Due to the elevation changes between campsites, the Rockwall Trail is one of the harder multi-day hikes in the Canadian Rockies. In 2003 it was devastated in one of the most widespread forest fires in the Canadian Rockies. On July 31st 2003, a lightning strike started a fire that would end up covering over 17,000 hectares. The government estimated that the burn cost approximately 1 billion dollars of damage. However not all was lost. The destruction of the blaze is doing wonders for the ecology in the area today.
Parks Canada predict the affected area will be prime grizzly bear habitat from 2018 onwards as the resurgence of nourishing new life will be impossible for bears and other wildlife to ignore.
The Rockwall is a 54km relocation hike that starts and finishes on Highway 93, the Banff-Windermere Highway. The trail includes several waterfalls, numerous creeks, many glaciers, alpine lakes and of course the famous Rockwall itself. Although it's longer than many other backcountry trips around Canadian Rockies, it manages to encompass so much. If you're looking for a challenge, you are in the right place.
Multi-day Hiking Guide to The Rockwall Trail in Kootenay National Park
In which direction should you hike the Rockwall Trail
In every other guide I've come across it's been said you should go South to North , starting at the Floe lake trailhead and finishing at the Point Pots. I'm going to convince you otherwise. The advantages from going the other way, that is North to South, are numerous and substantial and I've listed them all below!
- If you start at Point Pots Trailhead your first day hiking to the Helmet Falls Campground will be easy. You will only gain 285 meters of elevation over 15km. It's better to take it easy on the first day when your backpacks is the heaviest. To compare it, if you start at Floe lake trailhead the elevation gain is 700 meters on a very exposed and in some parts very steep terrain!
- Walking from North to South means that you will be hiking up the mountain passes in trees, then walking down on mostly exposed terrain. During hot summer days being amongst the trees when tackling the passes is a blessing.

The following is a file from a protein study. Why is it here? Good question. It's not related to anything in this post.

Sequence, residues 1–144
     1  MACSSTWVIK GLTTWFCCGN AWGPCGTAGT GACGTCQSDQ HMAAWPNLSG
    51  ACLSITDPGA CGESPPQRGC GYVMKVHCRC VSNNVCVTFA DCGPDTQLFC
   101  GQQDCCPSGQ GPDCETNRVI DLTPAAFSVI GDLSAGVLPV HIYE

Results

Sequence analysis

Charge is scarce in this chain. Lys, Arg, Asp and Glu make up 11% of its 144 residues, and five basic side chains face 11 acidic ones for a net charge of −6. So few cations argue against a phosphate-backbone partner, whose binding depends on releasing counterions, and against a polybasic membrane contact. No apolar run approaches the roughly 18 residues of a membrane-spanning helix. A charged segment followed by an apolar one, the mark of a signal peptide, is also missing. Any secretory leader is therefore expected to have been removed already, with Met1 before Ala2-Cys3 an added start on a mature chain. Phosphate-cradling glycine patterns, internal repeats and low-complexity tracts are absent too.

- You will have the views in front of you for the entirety of the hike. That's what you are doing it for, right?
- You will do less elevation gain. Paint Pots trailhead is 135 metres higher than Floe Lake.
- You will spend your last night at the best campsite near Floe Lake, and your last day will be downhill or mostly flat walk. After walking for 3 days you will be very happy about this!
To put it in short: start at the Point Pots and finish at the Floe Lake Trailhead!
What to do about the transport between the trailheads on the Rockwall Trail
I'm sure you could charter a taxi to pick you up from one trailhead and drop you off at the other but I wouldn't want to know the cost. Presumably a few hundred dollars minimum. Realistically, there are two possibilities. One is to make friends with other people at the trailhead who just finished the hike. The other is to hitchhike. The biggest piece of advice I can give you is to do the relocation before you start the hike. That way, when you finish, you can get straight into your vehicle and drive off without the worry of having to find a lift when you're smelly, have no energy, and just want a decent meal. The distance between the trailheads is 13km (8mi) or a 10 minute drive. The biggest mistake I see from most hitchhikers is not looking friendly enough. Remember to smile and look happy. It took me less than a minute to find a ride! Starting on a weekend did help as the traffic was higher.
How to reserve the campsites on the Rockwall Trial